The mill was built in 1783 by Thomas Evans, who hailed from a family with interests in lead iron and copper. Initially, he partnered with Richard Arkwright and Jedediah Strutt in the venture. It was a six-storey building powered by water, with an enormous weir across the river. It was destroyed by fire in 1788 and rebuilt with sheets of tin nailed to the beams as protection. Thomas's son Walter ( who married Elizabeth Strutt, a daughter of Jedediah) constructed a factory village of three-storey cottages across the river from the mill for his employees. A traveller in 1829 wrote favourably of the village
I passed through Darley, interesting as the seat of the extensive cotton and paper mills of the Messrs, Evans, and also as an exhibition of their unwearied philanthropy to their numerous work-people. The whole forms a neat town, displaying general comfort, with institutions of all kinds, for the improvement of the physical and moral condition of some hundred families….kindness and rewards are constantly bestowed in promoting cleanliness and neatness, and in stimulating industry and good conduct. All that Mr Owen has benevolently fancied, these gentlemen and this amiable lady have realised. It was cheering to view the neatness and comfort of the houses, the honey-suckles, jessamines, and roses growing in front, and the domestic occupations of persons who, in the same employment, in worse conducted establishments, live in filth, rags and squalid misery
This village, along with its toll road, still exists today. In 1970, the entire area was made into a conservation area, leading to it being part of the Derwent Valley Mills heritage area.
- Darley Park is an 80-acre (320,000 m2) picturesque park featuring many different gardens and wildlife areas. Given to the people of Derby in 1931 by the Evans family, who lived at Darley Hall. The Hall was demolished in the early 1960s, but parts of the original ground floor remain, now used as terracing for a small cafe. Darley Park plays host every first Sunday of September to the Darley Park open air concert, one of the largest free concerts in the country.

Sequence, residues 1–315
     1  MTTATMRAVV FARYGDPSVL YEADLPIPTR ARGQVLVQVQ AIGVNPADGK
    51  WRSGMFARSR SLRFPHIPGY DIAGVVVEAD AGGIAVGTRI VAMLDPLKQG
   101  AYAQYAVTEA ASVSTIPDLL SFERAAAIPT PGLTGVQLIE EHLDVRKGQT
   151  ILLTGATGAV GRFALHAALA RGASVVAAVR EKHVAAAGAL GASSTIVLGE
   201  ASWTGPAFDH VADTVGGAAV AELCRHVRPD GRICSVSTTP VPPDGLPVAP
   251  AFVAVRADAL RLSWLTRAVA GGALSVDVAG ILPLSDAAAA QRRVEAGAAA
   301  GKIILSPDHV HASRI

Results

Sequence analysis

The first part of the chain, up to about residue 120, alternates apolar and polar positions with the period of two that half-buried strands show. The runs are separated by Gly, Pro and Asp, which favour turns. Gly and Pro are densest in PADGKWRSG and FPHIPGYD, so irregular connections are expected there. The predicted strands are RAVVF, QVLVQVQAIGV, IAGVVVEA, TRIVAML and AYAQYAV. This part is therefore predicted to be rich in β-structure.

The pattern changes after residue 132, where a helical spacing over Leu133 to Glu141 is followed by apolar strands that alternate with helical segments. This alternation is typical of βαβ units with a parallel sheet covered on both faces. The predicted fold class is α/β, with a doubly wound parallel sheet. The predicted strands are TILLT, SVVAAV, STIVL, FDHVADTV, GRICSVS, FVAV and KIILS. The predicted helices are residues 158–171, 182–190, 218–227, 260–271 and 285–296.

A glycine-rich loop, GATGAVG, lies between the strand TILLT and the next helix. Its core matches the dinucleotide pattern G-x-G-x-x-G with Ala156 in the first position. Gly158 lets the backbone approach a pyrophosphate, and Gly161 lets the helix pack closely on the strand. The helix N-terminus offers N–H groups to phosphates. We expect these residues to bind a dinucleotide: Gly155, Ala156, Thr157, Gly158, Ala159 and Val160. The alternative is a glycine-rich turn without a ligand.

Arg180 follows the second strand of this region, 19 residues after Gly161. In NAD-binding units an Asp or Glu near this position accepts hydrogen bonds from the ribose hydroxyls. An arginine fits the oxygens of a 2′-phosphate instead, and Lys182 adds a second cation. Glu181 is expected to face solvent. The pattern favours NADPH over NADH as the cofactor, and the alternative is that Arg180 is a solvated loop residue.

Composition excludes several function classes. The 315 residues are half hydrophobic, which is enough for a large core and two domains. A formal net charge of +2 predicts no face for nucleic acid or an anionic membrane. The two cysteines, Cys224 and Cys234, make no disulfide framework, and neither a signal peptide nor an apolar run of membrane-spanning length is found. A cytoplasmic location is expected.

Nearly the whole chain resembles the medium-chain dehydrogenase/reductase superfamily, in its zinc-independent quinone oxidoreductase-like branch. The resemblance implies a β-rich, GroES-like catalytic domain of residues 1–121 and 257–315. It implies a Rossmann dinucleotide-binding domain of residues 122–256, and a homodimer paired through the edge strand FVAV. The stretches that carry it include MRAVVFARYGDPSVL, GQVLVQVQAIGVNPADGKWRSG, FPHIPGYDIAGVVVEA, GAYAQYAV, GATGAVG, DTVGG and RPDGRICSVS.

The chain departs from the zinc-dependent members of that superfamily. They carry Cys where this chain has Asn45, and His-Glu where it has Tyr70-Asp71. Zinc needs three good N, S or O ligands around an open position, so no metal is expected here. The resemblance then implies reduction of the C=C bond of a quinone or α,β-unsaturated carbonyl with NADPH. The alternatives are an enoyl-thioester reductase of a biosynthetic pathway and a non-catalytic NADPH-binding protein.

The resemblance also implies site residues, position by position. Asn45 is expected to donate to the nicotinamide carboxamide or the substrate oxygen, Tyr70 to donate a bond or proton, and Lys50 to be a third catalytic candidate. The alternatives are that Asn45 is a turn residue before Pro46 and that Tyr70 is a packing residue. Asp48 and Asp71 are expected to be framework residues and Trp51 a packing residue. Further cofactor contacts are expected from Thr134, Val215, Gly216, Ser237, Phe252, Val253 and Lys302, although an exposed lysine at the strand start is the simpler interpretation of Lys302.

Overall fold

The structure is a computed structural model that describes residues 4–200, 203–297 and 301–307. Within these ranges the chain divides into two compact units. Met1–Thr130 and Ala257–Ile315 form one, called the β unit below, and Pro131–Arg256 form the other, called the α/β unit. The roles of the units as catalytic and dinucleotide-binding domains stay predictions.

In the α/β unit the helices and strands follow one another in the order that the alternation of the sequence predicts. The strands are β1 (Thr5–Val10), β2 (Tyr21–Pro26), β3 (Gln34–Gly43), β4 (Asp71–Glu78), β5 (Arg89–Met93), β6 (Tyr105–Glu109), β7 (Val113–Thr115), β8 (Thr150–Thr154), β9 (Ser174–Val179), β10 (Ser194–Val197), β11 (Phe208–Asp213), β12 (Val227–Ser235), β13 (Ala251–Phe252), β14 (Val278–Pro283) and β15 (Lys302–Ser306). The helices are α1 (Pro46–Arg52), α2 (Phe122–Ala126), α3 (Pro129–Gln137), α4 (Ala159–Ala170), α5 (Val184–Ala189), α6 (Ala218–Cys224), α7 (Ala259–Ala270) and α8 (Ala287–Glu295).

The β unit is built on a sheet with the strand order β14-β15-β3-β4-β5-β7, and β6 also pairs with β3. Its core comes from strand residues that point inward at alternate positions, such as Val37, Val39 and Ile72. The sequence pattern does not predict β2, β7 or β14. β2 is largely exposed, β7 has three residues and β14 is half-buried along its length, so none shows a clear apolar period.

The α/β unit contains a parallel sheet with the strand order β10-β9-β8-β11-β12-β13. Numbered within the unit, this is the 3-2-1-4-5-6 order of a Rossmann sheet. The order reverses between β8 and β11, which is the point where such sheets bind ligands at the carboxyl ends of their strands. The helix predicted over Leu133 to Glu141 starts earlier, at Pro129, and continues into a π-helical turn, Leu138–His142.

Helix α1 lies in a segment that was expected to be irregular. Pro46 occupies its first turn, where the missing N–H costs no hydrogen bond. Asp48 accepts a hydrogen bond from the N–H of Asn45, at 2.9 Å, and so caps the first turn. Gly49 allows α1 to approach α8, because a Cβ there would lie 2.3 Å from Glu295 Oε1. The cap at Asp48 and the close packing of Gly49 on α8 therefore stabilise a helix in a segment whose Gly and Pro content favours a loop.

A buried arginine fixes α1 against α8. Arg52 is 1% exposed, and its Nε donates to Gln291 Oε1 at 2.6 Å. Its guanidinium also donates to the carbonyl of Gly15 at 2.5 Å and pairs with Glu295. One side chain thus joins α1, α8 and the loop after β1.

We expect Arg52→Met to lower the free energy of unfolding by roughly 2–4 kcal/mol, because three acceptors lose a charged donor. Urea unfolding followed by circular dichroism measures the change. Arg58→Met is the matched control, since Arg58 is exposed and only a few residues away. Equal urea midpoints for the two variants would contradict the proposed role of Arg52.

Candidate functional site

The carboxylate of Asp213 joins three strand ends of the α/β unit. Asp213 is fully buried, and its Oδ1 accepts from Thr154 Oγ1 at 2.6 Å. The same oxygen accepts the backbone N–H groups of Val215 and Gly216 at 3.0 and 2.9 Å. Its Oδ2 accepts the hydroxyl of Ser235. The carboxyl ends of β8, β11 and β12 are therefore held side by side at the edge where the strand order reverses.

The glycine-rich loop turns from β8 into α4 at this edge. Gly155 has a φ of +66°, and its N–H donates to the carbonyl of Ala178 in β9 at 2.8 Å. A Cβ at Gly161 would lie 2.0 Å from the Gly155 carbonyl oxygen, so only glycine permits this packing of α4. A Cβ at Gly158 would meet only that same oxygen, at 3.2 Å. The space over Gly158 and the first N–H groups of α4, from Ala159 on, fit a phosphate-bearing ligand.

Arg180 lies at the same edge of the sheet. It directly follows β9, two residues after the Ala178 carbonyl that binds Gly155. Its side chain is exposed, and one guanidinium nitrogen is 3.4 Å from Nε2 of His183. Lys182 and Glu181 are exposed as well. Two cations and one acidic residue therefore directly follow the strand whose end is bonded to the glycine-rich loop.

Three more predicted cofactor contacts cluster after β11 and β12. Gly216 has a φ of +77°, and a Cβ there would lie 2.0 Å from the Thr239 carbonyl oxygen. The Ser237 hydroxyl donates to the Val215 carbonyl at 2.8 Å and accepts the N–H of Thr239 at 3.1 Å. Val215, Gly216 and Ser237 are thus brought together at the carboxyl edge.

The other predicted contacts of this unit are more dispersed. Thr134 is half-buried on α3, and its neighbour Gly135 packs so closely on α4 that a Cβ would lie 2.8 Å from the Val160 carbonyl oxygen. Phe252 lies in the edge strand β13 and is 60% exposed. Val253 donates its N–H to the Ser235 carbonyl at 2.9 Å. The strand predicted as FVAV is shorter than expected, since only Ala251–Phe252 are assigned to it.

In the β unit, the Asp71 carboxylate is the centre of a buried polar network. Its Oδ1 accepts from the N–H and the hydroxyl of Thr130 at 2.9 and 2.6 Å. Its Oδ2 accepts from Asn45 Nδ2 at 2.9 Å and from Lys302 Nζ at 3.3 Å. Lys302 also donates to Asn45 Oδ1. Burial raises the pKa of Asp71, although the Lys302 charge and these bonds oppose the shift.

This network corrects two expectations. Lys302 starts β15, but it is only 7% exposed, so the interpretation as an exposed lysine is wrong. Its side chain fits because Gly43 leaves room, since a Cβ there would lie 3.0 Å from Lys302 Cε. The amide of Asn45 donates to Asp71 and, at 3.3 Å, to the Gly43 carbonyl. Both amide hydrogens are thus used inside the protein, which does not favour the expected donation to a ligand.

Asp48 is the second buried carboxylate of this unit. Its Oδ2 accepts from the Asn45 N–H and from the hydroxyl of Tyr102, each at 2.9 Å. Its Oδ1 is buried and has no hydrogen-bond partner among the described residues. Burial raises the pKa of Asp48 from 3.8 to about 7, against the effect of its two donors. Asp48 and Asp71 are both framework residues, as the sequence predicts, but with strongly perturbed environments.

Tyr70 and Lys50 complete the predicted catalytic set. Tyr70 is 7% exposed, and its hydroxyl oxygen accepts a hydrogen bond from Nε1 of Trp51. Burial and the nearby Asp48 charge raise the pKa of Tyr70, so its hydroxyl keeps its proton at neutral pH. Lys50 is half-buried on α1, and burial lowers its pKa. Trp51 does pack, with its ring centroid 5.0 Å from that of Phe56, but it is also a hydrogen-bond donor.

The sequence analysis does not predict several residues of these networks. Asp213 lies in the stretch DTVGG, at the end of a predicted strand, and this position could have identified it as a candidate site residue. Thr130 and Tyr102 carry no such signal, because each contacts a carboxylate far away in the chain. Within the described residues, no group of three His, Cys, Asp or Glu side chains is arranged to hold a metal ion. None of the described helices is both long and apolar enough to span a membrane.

- Saint Benedict Catholic Voluntary Academy is one of the largest schools in Derby with around 1500 pupils. The school dates back to 1986, but with several schools previously occupying the site including St Ralph Sherwin.
- Saint Mary's Catholic School is a historic coeducational Catholic school that can trace its roots back to 1813/1814 and has since moved to a new building on three separate occasions.
- William Page (ed.) (1907). 'Houses of Austin canons: The abbey of Darley', A History of the County of Derby: Volume 2. http://www.british-history.ac.uk/report.aspx?compid=40122. pp. 46–54.
- William Page (ed.) (1907). 'Hospitals: St Helen & St James, Derby', A History of the County of Derby: Volume 2. pp. 83–84.
- English Heritage. "Abbey Inn". Pastscape. Retrieved 30 May 2013.
- "Darley Abbey". Retrieved 2009-05-17.[dead link]
- "Sir Richard Phillips’s Tour". Leicester Chronicle. 9 May 1829.
- Cooper, B., (1983) Transformation of a Valley: The Derbyshire Derwent, Heinemann, republished 1991 Cromford: Scarthin Books
- "Member Biographies: William Evans". History of Parliament. Retrieved 2 August 2014.: William was the son of Elizabeth and William Evans who was a half-brother of Walter
|Wikimedia Commons has media related to Darley Abbey.|
- Darley Abbey local information portal
- Darley Park at bbc.co.uk
- Darley Abbey news from the Derby Telegraph